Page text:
If you need to spend a few thousand dollars on repairs before you list your home, but you don't have any money saved up, it might be best to wait until you're in a better position financially.
You're not ready to make a long-term decision
Selling your house in a seller's market means you'll likely get a great price, but you still need somewhere to go.
If you're buying another house, you'll have to face the other side of a hot real estate market: high prices.
With so much demand and competition from other buyers, you might have to pay top dollar to get into your next home. This might not be much of an issue if you plan on staying in your next home for a while since home values generally appreciate over the long term.
However, if you're trying to buy a new house with the intent of selling it again in just a couple of years, you might have a hard time making a profit. Prices right now could be at their peak, and you also may not have enough time to build equity
Should I sell my house on my own, or with a realtor?
In general, for sale by owner (FSBO) sales are more difficult because you have to:
- Do all of the marketing yourself
- Negotiate with buyers on your own
- Set a price without the input of a real estate professional
It might be easier than usual to sell your house without an agent since the market is currently so strong. However, an agent will probably be able to get more money for your home by pricing it competitively and negotiating on your behalf.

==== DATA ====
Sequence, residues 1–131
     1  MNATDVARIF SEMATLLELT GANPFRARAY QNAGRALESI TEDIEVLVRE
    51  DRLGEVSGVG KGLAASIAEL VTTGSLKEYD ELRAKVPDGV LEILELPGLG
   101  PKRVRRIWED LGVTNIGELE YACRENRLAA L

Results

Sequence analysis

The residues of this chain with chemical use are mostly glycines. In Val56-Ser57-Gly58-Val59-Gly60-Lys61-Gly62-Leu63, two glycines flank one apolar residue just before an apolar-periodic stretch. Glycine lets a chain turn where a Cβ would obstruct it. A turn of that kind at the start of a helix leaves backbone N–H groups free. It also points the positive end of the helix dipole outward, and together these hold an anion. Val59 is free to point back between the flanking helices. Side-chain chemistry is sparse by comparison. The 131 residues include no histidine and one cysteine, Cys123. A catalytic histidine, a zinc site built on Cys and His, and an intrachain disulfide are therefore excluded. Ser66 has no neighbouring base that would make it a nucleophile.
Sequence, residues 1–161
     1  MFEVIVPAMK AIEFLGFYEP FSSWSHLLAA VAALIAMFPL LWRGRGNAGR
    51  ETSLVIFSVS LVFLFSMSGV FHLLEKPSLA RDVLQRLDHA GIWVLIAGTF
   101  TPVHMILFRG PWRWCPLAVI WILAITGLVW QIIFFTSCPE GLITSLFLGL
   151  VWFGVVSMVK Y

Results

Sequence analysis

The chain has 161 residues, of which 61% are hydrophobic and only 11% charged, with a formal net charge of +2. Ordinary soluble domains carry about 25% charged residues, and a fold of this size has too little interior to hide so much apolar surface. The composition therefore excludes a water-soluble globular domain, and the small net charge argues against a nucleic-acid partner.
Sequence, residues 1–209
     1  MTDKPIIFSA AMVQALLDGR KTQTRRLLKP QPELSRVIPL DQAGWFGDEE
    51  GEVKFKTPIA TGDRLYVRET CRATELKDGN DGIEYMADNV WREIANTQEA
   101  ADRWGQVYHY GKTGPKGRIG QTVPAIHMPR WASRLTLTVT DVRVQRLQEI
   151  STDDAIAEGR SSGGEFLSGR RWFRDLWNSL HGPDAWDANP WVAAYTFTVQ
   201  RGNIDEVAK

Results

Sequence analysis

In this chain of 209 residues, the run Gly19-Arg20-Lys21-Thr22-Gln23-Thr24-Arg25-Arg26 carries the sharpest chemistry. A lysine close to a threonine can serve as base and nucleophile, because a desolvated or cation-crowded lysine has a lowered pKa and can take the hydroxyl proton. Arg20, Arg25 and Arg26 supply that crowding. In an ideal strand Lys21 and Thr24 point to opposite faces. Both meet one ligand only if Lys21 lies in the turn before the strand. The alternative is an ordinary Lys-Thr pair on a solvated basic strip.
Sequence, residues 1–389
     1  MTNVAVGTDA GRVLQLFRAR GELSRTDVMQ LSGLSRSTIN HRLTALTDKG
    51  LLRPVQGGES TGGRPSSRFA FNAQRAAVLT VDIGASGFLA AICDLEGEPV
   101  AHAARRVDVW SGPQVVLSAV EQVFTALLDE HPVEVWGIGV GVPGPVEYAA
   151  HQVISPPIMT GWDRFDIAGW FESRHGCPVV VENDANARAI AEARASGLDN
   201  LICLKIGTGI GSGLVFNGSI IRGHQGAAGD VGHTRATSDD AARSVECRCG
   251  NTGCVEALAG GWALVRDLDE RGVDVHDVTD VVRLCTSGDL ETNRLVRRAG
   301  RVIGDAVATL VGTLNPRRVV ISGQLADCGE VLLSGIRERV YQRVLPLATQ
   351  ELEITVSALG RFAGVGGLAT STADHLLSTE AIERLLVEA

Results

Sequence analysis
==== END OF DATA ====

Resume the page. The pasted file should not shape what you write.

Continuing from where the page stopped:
Agents work in real estate for a living, so they know how to maximize a home's value and help home sellers meet their goals.
Won't it cost more to work with a real estate agent?
Not really. Realtor commissions are typically 6%, so people often think they can save a full 6% by selling their house themselves. But that's not how it works.
The 6% commission a seller pays gets split between the listing agent and the buyer's agent, so even if you sell FSBO, you'll probably have to pay 3% to the buyer's agent — and you might not get as high of a sale price as you could using an agent.
If you want to save money on commission, work with a Clever partner agent for a flat fee of just 1% or $3,000 — saving you thousands while still allowing you to work with a real estate agent.
FAQs about selling a house
How long should I wait to sell my house?
There's no universal answer, but the longer you've owned a house, the more money you might be able to walk away with when you sell it since you'll have had time to build equity.
If you've owned your home for less than two years, you'll have to pay capital gains tax on any profits, which could offset a high sale price.
Is now a good time to sell my house?
There's a strong demand for houses right now because inventory is low — so now might be a good time to sell your house if you want to get maximum value.
However, it really depends on your goals and next steps. If you're going to buy another house, the profits you make from selling in a peak market might be canceled out by the high cost of buying in the same hot market.
What is the average time that a house is on the market?
In the last twelve months, the average home was listed on the open market for just 15 days (as of May, 2021).
However, the average closing time of a sale is 30-45 days, so factor that in and think about the entire home-selling process.